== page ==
National Screen Institute's Drama Prize gets a boost from William F. White International
There's certainly been no shortage of depressing news in the Canadian film industry over the past few months. While B.C. slipped to fourth place in the list of the largest North American film and TV production centres for 2011, federal cuts to organizations such as the CBC, NFB, and Telefilm Canada have raised concerns in screen-based industries.
So how about some good news?
At a Vancouver industry reception on May 10 at the Fairmont Pacific Rim Hotel in Vancouver, William F. White International director of marketing and communications Lowell Schrieder told the Georgia Straight about a new partnership his production equipment company has established with the non-profit, Winnipeg-based National Screen Institute (Canada).
Lowell said that William F. White has become the exclusive equipment sponsor for the NSI Drama Prize and will provide access of up to $70,000 of in-kind equipment grants.
The NSI Drama Prize is a course that provides emerging filmmakers with training, funding, mentoring, and services to help them make a short film. Up to four filmmaking teams are chosen each year. Producer Michelle Kim ("The Goodbye Girl") and director Jeremy Lutter ("Floodplain"), who attended the event, are members of two of the British Columbian teams that were chosen for this year's program.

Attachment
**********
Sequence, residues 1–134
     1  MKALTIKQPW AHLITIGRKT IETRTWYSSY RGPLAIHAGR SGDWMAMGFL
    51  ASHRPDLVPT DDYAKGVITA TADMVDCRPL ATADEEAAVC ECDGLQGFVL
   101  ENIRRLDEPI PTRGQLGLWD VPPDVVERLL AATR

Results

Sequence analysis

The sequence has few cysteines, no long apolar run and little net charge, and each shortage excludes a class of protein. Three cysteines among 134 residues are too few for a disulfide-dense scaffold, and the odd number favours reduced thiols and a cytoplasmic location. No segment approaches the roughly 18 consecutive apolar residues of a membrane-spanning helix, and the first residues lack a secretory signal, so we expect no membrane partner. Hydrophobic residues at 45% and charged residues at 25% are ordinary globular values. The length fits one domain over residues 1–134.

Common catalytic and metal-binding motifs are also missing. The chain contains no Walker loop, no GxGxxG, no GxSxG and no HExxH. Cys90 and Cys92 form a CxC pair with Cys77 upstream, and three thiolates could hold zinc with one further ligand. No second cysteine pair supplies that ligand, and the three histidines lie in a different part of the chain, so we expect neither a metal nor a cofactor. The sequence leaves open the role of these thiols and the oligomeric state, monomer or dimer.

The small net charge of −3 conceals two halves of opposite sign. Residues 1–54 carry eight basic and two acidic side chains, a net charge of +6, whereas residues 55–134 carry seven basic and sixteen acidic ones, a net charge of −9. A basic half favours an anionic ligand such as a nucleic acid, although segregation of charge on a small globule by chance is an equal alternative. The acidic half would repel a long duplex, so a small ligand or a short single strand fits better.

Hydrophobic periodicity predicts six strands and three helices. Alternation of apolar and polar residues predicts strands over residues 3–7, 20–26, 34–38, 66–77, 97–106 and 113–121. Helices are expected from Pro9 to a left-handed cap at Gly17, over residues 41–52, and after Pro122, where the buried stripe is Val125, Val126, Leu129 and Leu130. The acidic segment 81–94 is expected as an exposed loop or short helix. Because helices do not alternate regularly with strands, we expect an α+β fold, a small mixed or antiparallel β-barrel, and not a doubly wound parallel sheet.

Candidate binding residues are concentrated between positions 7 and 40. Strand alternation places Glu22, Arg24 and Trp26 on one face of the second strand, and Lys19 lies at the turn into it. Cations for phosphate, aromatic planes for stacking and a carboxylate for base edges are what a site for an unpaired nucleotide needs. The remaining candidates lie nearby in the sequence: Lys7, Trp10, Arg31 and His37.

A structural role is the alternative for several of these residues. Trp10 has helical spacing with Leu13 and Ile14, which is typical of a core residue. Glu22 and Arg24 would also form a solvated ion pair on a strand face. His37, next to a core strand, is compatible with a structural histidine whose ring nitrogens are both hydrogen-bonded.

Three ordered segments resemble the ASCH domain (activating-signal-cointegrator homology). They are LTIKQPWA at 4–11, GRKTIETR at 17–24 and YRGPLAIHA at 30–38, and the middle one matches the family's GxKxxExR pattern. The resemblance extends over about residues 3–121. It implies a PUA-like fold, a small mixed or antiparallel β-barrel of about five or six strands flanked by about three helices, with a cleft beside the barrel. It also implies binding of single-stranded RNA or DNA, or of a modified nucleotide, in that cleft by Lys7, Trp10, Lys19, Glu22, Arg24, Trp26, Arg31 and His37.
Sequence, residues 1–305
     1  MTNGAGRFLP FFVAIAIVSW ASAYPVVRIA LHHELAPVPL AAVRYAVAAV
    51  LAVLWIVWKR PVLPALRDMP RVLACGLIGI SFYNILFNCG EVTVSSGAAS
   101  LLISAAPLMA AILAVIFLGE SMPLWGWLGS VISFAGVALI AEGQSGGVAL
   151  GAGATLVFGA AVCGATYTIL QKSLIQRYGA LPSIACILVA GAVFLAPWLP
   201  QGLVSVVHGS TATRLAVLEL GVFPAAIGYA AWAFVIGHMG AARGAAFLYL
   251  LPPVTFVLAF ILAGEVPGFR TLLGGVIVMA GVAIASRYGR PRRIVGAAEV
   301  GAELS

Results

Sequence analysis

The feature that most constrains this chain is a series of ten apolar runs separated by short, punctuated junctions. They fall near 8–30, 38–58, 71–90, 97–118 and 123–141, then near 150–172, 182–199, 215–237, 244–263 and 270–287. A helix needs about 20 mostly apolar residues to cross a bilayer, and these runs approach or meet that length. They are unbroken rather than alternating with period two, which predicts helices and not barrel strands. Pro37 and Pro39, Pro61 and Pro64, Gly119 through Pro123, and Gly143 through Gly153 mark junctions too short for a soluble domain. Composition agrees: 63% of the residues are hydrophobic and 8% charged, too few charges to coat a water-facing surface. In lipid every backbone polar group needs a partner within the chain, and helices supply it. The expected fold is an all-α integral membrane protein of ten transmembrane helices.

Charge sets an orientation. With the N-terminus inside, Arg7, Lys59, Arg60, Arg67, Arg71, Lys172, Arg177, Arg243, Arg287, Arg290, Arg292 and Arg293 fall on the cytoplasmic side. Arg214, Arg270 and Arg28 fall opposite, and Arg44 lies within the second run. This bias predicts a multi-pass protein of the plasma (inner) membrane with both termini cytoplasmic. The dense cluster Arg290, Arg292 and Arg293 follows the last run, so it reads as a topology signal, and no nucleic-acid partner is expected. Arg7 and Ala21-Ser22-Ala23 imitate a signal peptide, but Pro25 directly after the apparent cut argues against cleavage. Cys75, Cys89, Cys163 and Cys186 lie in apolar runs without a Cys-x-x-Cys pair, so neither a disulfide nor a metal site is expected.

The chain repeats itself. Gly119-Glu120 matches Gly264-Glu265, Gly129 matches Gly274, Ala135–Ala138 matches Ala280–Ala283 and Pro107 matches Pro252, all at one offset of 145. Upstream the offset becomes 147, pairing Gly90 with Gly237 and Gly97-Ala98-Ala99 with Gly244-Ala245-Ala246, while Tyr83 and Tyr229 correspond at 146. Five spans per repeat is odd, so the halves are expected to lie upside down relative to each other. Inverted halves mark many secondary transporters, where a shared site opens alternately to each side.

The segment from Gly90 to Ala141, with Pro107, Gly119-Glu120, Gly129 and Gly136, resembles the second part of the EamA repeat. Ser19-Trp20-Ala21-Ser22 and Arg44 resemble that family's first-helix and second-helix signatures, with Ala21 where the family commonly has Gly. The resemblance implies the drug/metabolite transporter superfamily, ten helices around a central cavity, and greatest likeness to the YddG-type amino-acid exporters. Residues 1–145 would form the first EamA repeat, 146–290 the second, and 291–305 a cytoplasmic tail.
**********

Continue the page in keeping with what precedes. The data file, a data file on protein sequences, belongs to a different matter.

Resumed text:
Lowell called this partnership an investment.
"What we are doing is we're saying, 'We believe in the next generation of Canadian filmmakers and this is…one of our investments in the future of Canadian filmmaking.' In addition that, we've just created a brand new education training program...that's a whole new department at William F. White. So not only do we rent equipment, but we also provide technical expertise and mentorship to up and coming filmmakers in the industry who are trying to get their feet wet and may not have all the tools they need."
William F. White CEO Paul Bronfman cited several reasons for choosing work with NSI, in addition to the fact that they're a national organization.
"We're very focused on giving back to our community because it's our responsibility to do so. So we felt that NSI has got some great programs and career-building programs, which will ultimately help the industry, which ultimately helps our company."
In light of the federal funding cuts to many screen-based national organizations, Lowell said companies like his need to help the industry.
"That's why they need private organizations like ours to step up to the plate and fill the gaps that the government is not filling. And we're there to lend our equipment, in many cases to up-and-coming filmmakers who need our support and can't access our equipment, and hopefully they'll turn into customers one day."
You can follow Craig Takeuchi on Twitter at twitter.com/cinecraig.